Why Nations Fail explains the factors that lead to the success or failure of a nation including how a country’s own history affects its prosperity. Throughout the book, Daron Acemoglu and James Robinson illustrate their fifteen years of research, revealing how similarities in patterns can influence nations.
Although this book thoroughly compares the factors of economic success for several countries, each factor communicated related to countries’ successes must be be interpreted in an unambiguous or definitive manner. When analyzing the main themes of the book, the factors are laid out in a concise manner with historical evidence for proof. Because no certain independent variable can be applied to every country to ensure its prosperity, Acemoglu and Robinson’s theories are not universal. The authors provide historical evidence to show how politics create institutional drifting.The book goes through different nations, their origins of power, prosperity, and poverty. Each chapter tells about a different aspect of how nations have come to be: culture, geography, leaders, incentives, political conflict, etc. Why Nations Fail includes England, France, the United States, Japan, Botswana, and Brazil, and more.
In chapter one, the author writes, “Developing such an understanding is not just an end in itself, but also a first step toward generating better ideas about how to improve the lives of billions who still live in poverty.” Robinson and Acemoglu’s economic theories are based on institutions.In summary, chapters in Why Nations Fail examine hypotheses: geographical, cultural, and leadership. All of these are proven inadequate in chapters one and two. Leaders contribute to failure by not knowing what will enrich all of their citizens.
When the citizens’ needs aren’t being met, the system collapses. Incentives are essential in a well-functioning society. Incentives determine what kind of institution will exist. South Korea is a country that has incentive institutions, compared to North Korea. South Koreans are rewarded for contributing to economic growth.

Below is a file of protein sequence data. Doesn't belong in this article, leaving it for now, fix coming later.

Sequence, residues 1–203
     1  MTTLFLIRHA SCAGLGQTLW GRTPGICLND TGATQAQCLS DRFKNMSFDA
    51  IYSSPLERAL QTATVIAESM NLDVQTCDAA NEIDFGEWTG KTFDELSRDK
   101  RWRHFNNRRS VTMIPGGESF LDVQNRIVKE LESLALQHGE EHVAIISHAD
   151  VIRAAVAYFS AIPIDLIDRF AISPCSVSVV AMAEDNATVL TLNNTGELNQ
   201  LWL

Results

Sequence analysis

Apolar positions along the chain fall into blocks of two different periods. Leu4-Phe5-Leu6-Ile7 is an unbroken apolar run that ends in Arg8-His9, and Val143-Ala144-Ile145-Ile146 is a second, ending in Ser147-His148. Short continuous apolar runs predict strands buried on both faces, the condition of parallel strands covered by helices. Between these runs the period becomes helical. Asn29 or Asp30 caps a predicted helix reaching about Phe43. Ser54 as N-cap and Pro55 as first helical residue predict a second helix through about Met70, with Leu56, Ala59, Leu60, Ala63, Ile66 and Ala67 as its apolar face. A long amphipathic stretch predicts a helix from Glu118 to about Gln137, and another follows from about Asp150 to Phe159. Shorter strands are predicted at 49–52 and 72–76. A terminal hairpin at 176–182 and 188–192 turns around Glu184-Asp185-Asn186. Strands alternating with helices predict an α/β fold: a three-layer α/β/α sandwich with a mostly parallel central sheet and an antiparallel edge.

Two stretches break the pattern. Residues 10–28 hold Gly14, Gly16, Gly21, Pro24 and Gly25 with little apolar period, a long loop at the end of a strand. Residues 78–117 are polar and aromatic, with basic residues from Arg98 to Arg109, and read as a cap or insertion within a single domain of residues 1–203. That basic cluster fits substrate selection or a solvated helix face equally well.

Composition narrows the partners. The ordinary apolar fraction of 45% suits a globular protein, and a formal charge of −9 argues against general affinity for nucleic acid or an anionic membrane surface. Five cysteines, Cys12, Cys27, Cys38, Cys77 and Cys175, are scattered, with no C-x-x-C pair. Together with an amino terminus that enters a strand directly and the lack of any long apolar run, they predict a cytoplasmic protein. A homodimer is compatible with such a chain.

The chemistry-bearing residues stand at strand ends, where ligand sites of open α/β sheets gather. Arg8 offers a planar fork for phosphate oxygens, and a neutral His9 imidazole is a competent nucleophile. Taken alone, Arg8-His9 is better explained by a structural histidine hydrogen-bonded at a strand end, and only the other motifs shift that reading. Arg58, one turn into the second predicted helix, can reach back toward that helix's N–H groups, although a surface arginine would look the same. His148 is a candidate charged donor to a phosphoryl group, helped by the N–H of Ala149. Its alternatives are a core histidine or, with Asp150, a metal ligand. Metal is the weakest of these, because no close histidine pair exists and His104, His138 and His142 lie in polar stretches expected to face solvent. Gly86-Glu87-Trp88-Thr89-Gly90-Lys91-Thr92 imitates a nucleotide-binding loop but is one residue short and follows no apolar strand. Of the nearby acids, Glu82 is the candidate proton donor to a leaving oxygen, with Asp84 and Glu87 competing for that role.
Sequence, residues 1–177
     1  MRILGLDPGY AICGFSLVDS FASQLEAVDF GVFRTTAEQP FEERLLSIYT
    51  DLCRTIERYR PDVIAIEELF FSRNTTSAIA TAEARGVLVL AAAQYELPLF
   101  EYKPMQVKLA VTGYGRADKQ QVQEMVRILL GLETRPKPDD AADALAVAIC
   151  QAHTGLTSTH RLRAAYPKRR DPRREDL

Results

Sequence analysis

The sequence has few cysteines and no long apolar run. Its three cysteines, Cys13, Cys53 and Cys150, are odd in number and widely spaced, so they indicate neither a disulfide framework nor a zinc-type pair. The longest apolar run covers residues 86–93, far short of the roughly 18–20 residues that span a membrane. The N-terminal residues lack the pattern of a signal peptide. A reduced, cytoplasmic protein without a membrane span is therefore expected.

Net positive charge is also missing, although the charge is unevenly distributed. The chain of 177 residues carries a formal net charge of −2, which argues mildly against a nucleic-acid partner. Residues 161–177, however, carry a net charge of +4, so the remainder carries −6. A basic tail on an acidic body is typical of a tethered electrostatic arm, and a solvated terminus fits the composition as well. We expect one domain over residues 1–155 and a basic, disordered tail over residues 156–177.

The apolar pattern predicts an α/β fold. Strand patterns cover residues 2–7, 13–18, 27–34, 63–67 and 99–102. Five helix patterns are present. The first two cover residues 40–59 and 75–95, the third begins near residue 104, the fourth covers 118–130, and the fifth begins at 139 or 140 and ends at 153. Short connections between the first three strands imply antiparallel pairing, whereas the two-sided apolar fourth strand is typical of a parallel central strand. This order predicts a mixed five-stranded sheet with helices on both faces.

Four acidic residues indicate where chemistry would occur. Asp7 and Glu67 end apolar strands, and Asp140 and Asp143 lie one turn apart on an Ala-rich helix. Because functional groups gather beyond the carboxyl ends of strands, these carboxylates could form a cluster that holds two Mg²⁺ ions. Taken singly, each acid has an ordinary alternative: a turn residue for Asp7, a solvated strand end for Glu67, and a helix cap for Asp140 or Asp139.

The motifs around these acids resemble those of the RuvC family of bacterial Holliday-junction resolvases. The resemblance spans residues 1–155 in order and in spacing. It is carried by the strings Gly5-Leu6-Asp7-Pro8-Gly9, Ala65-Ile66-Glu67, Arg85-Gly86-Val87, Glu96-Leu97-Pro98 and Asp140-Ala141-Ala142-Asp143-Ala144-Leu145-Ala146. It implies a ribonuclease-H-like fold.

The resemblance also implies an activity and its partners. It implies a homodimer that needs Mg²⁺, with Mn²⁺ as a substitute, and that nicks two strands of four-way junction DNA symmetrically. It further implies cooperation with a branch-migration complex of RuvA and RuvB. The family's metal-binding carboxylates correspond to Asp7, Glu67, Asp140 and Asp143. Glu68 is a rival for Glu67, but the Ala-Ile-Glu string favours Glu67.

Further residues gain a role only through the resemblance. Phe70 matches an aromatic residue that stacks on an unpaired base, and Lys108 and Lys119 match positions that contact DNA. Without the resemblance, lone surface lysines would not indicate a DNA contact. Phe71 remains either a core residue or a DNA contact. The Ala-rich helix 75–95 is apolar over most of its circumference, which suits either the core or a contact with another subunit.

Democratic countries are typically more gratifying because they give people increased freedoms. North Korea is a communist state that limits personal freedoms of expression, making it difficult.Acemoglu and Robinson challenge incentive institutions, claiming that extractive institutions can work. However, they will not last. By definition, extractive institutions have to create wealth for it to be extracted. Communism is a governmental system that enforces extraction. A ruler with a high amount of political power controlling a centralized state with a goal of control over production, the economy, and distribution is a prime example. Joseph Stalin of Soviet Russia was ruthless in his efforts to rapidly industrialize the country.
At the time, Westerners believed that the USSR could be the future. Collectivization ensured that the state would collect products and earn money. The collective farms lacked any incentive for workers, so it failed miserably and Russia’s working class starved to death. Although, the five-year-plans were a recipe for economic stagnation, it did generate some kind of growth. The use of force, fear, and corruption was also a motivation to work.Institutions evolve over time because of events called critical junctures.
Revolutions are a key part to the evolution and innovation, and are considered turning points.